And a twister passed through…

OK, so it was a mini-tornado but still a shock in suburban Shoeburyness. This sort of thing doesn’t happen here…ever. I was having a late evening bath and suddenly there was an almighty noise like a freight train coming through the house. The whole roof seemed to be rumbling as tiles crashed everywhere…Outside there was a mess; tiles ripped off; neighbours walls in ruins. The garden looked a bit like a war zone and there was a path of damage along the row. Fortunately no-one was hurt.

I lost three tiles and later discovered my ridge tiles were loose too. A roofer fixed them yesterday though I have a feeling I was overcharged (being taken is something where I always struggle with anger towards myself..that feeling that I should have been able to protect myself better). Still, it’s done.

I was reading today about current natural disasters around the world-in India, South Sudan, Colombia- as well as man-made ones like Myanmar. So many people suffering, so many displaced and vulnerable to exploitation. I still have a home after my experience, they don’t.

Persecuted Christians often suffer greatly in such circumstances. Depending on where in the world its is, they can be the last in the queue to receive shelter, food and medicine. Open Doors continues to work with partners around the world to try and address these issues wherever they happen. As we sit in our comfortable homes 🏡 let’s be thankful and remember all those today who don’t have a safe place to stay. Your help can make a difference, even to one family.

John 3:16

Probably the most famous verse in the bible. Seen on football shirts at major tournaments. “God so loved the world 🌎 that He gave his only Son ❤ that whoever believes in Him should not perish but have eternal life”.

The late MP Sir David Amess achieved a lot locally. He gave himself for Southend people. His hard work was often behind the scenes but his efforts have been posthumously recognised with the town becoming a city.

Underpinning Sir David’s motivation was a strong belief in God which impacted a number of things he chose to champion. He made a difference despite always being a backbencher. But ultimately he had a higher hope, one to which John 3:16 points.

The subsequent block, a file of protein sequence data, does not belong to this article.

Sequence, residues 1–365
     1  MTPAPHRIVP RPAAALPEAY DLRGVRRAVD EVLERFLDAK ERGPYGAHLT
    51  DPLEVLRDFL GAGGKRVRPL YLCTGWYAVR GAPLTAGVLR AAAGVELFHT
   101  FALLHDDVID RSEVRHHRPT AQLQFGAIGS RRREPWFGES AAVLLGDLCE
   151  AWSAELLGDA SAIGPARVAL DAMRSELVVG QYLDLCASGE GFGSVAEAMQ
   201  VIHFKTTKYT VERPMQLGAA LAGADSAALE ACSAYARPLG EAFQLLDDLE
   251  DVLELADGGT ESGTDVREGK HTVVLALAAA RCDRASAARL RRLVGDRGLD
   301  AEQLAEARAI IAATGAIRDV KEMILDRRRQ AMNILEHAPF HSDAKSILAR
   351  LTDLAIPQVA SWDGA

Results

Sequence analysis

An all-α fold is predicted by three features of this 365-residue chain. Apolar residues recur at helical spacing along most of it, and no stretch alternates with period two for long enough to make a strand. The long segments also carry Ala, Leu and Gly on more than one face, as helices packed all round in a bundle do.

Where is your hope and mine, ultimately? Work today, and most days, is pretty incessant. There are lots of other things to do outside work. The pace can seem relentless. Where does my love show, my efforts matter and my hope lie? Beyond my legacy where is my eternity?

For persecuted believers John 3:16 is very real. Life for many is a real struggle. But knowing that God loves them so much that Jesus died for them inspires them to live ordinary but often extraordinary lives. They have a future hope that many around them seem uncertain of. To know you are loved and secure makes a real difference. Hea Woo is one of the most remarkable women I have met…

Beaches and benches…

First of all it’s been a really difficult day with the murder of a local MP. So sad and unnecessary. Praying for peace.

Looking back it was lovely to spend a few hours walking from Cromer to Overstrand last Friday, paddle in the sea and read. I even did a bit of rock pooling!

Back to work last Monday. It’s been a busy week workwise but I did have the chance to bike into town a couple of times for meetings. It was lovely to ride down the seafront one day.

I had a bit of a challenge with getting my catheters while away but got them eventually. Yesterday I had my first ever endoscopy. It went pretty well but I need further tests and at least a year to wait for an op.

Life is a gift, which the horrible murder of Sir David Amess, shows is very fragile. Going into Hospital also brings out that our health and our existence is vulnerable.

For many Christians around the world life is always very much on the edge. They can be attacked at any time. Unprovoked. We can make a difference though.

Thanks for your interest. Thanks to a supporter the total raised for 60@60 has reached £7 000. So encouraging.

Peace…and finding it

I am now nearing the end of my period of leave. It was lovely to see old friends up north though 740 miles was a fair trek. I got home to find out I had to sort out some medical matters urgently then within hours was on the train up here to Sheringham. From the Pennines to the sea.

Today I enjoyed a trip on the North Norfolk Railway with a 110 year old loco. It was nice doing railway stuff but also walking down into Weybourne to visit the Priory, see the windmill and walk along the cliffs.

It was good especially to sit by a pond on Kelling Heath, feel the sun on my face and the breeze. 20 minutes before moving on but special and got me singing.

The fact that I have been distinctly under the weather this week (though a bit better) and the constant nag that I should be doing some activity, doing more, seeing more, makes it hard to settle and switch off. I know that God gives peace but too often I feel like I am missing that unhurriedness Jesus had. I have much to learn!